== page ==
Softball dropped, other sports could follow at Grand Valley High School in Parachute |

Softball dropped, other sports could follow at Grand Valley High School in Parachute

Jon Mitchell
Citizen Telegram Sports Editor

PARACHUTE — Grand Valley High School will not field a softball team in the fall, and other activities at the school could also be cut, school officials confirmed this week.

Grand Valley athletic director David Walck said that Garfield County School District 16 is currently gathering information to assess the need for certain extracurricular activities at the high school. That assessment includes the 14 sports and 12 after-school activities offered at the school.

“The last thing that we want to do is to cut opportunities for kids,” said Grand Valley principal Ryan Frink.

The cut of softball and potential cuts are due mostly to the school’s declining enrollment, which was at 400 students five years ago but, as of the beginning of the week, had dropped to 276, Walck said. Walck attributed the enrollment drop to the transient community Parachute is, noting the presence of children whose parents work in the natural gas industry during the school’s peak enrollment.

That said, Walck noted that 72 percent of students enrolled at Grand Valley take part in some kind of after-school activity, be it athletics or an after-school club. That’s the reason the school’s administration has surveyed students to help determine what programs to keep for the upcoming two-year classification cycle, as mandated by the Colorado High School Activities Association.

“We’re not necessarily approaching it by sport. We’re approaching it by participation numbers,” Walck said.

Walck said the number of students interested in playing softball was just enough to field each of the nine positions in a starting lineup. That, however, didn’t account for possible injuries, sickness or ineligible players. Any students from Grand Valley who are interested in playing softball next season could play for Rifle High School, which already uses softball players from neighboring schools, such as Meeker and Coal Ridge.

Grand Valley’s softball team finished the season 6-14 last season and went 10-42 since 2011.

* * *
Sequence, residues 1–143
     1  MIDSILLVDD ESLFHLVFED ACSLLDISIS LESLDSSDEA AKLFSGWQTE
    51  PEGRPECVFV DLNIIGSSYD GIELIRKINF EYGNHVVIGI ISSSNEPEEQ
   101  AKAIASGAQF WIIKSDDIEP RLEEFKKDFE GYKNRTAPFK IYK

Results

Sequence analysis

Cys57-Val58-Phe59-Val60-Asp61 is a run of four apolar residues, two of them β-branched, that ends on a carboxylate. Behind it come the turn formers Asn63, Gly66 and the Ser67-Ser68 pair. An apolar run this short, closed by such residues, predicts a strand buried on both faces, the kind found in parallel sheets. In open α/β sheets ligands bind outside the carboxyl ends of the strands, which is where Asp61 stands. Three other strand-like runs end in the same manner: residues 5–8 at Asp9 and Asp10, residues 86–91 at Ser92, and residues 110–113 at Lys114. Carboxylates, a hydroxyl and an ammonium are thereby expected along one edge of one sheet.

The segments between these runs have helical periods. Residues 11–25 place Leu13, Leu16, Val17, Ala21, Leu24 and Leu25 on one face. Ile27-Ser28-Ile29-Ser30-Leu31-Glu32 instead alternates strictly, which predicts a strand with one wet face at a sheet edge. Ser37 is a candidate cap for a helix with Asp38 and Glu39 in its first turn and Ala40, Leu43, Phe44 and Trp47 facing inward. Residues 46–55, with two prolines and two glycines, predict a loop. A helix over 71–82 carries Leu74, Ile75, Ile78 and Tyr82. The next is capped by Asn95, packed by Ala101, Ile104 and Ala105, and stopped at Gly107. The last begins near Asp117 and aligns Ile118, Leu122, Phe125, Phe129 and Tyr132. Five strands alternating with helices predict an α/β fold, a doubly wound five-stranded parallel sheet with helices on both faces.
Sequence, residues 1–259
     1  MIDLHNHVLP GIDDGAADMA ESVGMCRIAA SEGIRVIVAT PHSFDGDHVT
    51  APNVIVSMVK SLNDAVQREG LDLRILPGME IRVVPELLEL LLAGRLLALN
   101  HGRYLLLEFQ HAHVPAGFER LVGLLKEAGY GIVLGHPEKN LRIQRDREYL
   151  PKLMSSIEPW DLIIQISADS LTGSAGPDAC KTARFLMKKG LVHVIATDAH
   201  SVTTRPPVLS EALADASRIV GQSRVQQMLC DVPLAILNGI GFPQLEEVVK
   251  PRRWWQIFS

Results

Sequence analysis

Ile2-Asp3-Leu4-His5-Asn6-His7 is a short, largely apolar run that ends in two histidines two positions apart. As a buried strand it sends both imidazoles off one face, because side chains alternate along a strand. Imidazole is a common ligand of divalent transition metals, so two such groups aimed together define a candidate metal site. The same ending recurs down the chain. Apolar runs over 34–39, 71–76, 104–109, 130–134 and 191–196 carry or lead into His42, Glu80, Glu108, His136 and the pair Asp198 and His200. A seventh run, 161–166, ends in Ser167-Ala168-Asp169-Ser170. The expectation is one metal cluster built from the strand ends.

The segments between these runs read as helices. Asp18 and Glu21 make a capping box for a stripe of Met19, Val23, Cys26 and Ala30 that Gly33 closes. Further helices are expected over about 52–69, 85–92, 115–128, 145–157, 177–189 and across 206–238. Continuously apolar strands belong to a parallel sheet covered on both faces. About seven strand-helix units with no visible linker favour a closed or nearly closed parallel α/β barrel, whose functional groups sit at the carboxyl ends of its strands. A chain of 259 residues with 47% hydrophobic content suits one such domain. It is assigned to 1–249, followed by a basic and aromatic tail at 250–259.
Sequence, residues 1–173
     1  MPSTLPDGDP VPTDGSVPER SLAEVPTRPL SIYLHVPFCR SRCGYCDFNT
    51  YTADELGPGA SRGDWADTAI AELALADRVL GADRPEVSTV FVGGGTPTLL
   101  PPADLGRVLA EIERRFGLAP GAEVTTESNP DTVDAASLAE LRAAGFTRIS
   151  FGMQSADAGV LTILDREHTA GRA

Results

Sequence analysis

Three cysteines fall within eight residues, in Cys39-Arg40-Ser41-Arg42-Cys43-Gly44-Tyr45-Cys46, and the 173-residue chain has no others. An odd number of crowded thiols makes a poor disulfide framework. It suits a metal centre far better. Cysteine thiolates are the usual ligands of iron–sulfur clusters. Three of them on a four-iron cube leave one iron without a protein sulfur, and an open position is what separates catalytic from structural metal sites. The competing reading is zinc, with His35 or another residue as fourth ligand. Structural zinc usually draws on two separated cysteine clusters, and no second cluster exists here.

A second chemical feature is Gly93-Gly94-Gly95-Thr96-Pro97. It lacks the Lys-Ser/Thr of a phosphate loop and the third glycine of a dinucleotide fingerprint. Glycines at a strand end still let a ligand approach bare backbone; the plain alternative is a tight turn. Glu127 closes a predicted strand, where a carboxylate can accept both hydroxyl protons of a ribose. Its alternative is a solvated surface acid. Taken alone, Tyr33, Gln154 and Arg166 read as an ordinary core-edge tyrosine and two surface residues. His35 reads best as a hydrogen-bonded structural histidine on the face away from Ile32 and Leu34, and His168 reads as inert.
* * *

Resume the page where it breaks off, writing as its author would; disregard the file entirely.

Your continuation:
Next in line would be sports defined as individual sports that don’t have a league schedule attached to it: Cross country, cheerleading, golf and wrestling. All of them, according to Walck, showed a low interest level among students surveyed. In that case, those programs would be asked to have a minimum number of participants to continue and would be asked to fundraise.

“We really believe that extracurricular activities enhance the learning environment,” Walck said. “It’s truly an extension of the classroom but, to us, it’s so much more than that.

“Coaches aren’t doing this for money,” Walck added. “They’re doing this to teach life skills and share their passion with young adults. But that’s hard to do if there’s no one for them to share that passion with.”

Walck and Frink said the school has received monetary grants from donors who want to remain anonymous over the past four years, and those grants have helped Grand Valley retain many of the sports offered. Walck said the school has received as much as $135,000 in grants in a school year, which supplements the $40,000 athletic budget that comes strictly from state funding.

That presents another problem, though. Frink said that although Colorado is bound by the state constitution to fund a certain amount of money for education, school districts have felt a shortfall in funding across the state. That, Frink said, has led to $4.5 million in lost funding for District 16 in the past four years.

“It would be like if you had a house mortgage that was $1,000 per month, then you went to your lender and said to them, ‘Well, I can only give you $800 for the next four years’,” the Grand Valley principal said. “That probably wouldn’t go over very well, but that’s what we’ve been dealing with.”

The declining enrollment for Grand Valley also means less funding from the state, which is another reason the school has applied for grants to keep its activities available to its students. There is no guarantee those grants will always be there, however, meaning the school district must look at other options.

“Moving forward if those grants fall through,” Frink said, “we’d have to look at this more from the perspective of a business model to see what we’d have to scale back.”

Other issues the district is addressing is the participation fee — $75 per sport and $20 per activity — and the price of admission to sporting events.

Employees of the school district, from school faculty to classified employees, met on Monday to discuss the needs of the school district in the years to come. That was also a topic of discussion during the district’s school board meeting on Tuesday.

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